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Horse advocacy claims BLM stacked board with pro-slaughter members

by Wyoming Livestock Roundup

On Feb. 6 the BLM made three selections for the National Wild Horse and Burro Advisory Board, an announcement that raised the ire of wild horse advocacy groups that claim the BLM has stacked the board with pro-slaughter members.
    One headline from the American Wild Horse Preservation Campaign (AWHPC) regarding the appointments reads: “Majority of Americans Ignored as Government Announces Appointment of Representatives of Special Interests that Stand to Profit at Expense of America’s Icons.”
    “The BLM is stacking this public advisory board with members who have an extremist agenda to remove wild horses from public lands and reinstitute the cruel practice of horse slaughter in the U.S.,” said Suzanne Roy, AWHPC director. “BLM continues to ignore the wishes of the majority of the American public by rigging this citizen advisory board to set the stage for slaughtering the tens of thousands of mustangs that the agency has removed from public lands and stockpiled in government holding facilities.”
    Leaders of a coalition of more than 45 wild horse advocacy groups wrote to BLM Director Bob Abbey to “object in the strongest of terms” to the new appointments to the nine-member board.
    “It is apparent that the BLM is stacking this citizen advisory board with representatives of special interests that stand to profit from the capture and slaughter of America’s wild horses,” wrote Suzanne Roy, director of the American Wild Horse Preservation Campaign.
    “Instead of releasing wild horses back to their legal homes, BLM seems to be setting the stage for a lethal solution,” said Craig Downer, wildlife ecologist for The Cloud Foundation out of Colorado Springs, Colo.
    In response to the claims, BLM spokesman Tom Gorey said in an interview with The Associated Press, “Their apocalypse-now, sky-is-falling rhetoric is flagrantly dishonest and is clearly aimed at preventing the BLM from gathering horses from overpopulated herds on the range. The BLM is not ‘managing for extinction.’ There is no conspiracy to put down healthy horses that are in off-the-range holding facilities.”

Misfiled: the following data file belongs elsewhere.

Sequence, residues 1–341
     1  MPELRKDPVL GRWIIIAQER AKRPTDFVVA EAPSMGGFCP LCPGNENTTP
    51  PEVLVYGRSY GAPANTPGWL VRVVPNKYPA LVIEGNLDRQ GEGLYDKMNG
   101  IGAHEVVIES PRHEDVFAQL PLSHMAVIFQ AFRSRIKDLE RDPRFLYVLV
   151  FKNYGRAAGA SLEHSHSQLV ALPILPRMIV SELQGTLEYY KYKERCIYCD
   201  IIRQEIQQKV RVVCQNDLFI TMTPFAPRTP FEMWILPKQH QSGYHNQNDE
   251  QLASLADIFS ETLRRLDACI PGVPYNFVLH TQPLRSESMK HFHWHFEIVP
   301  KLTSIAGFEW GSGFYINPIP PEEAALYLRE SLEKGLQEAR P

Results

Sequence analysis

Colorado appointee draws attention
    The BLM chose Callie Hendrickson of Grand Junction, Colo. as a new appointee for the category of General Public; June C. Sewing of Cedar City, Utah as a new appointee for the category of Wild Horse and Burro Advocacy; and Boyd M. Spratling, DVM, of Deeth, Nev. as a re-appointee to the category of Veterinary Medicine. The individuals will each serve three-year terms.
    Hendrickson is Executive Director of the White River and Douglas Creek Conservation Districts, and owner and consultant for E-Z Communications. As executive director of the conservation districts, the BLM says Hendrickson has extensive experience in addressing public rangeland health concerns for the Colorado Association of Conservation Districts. Her career is focused on natural resource policy development and education and she has served on the Colorado Foundation for Water Education, Mesa County 4-H Foundation, Mesa County Farm Bureau and the Mesa County Cattlewomen.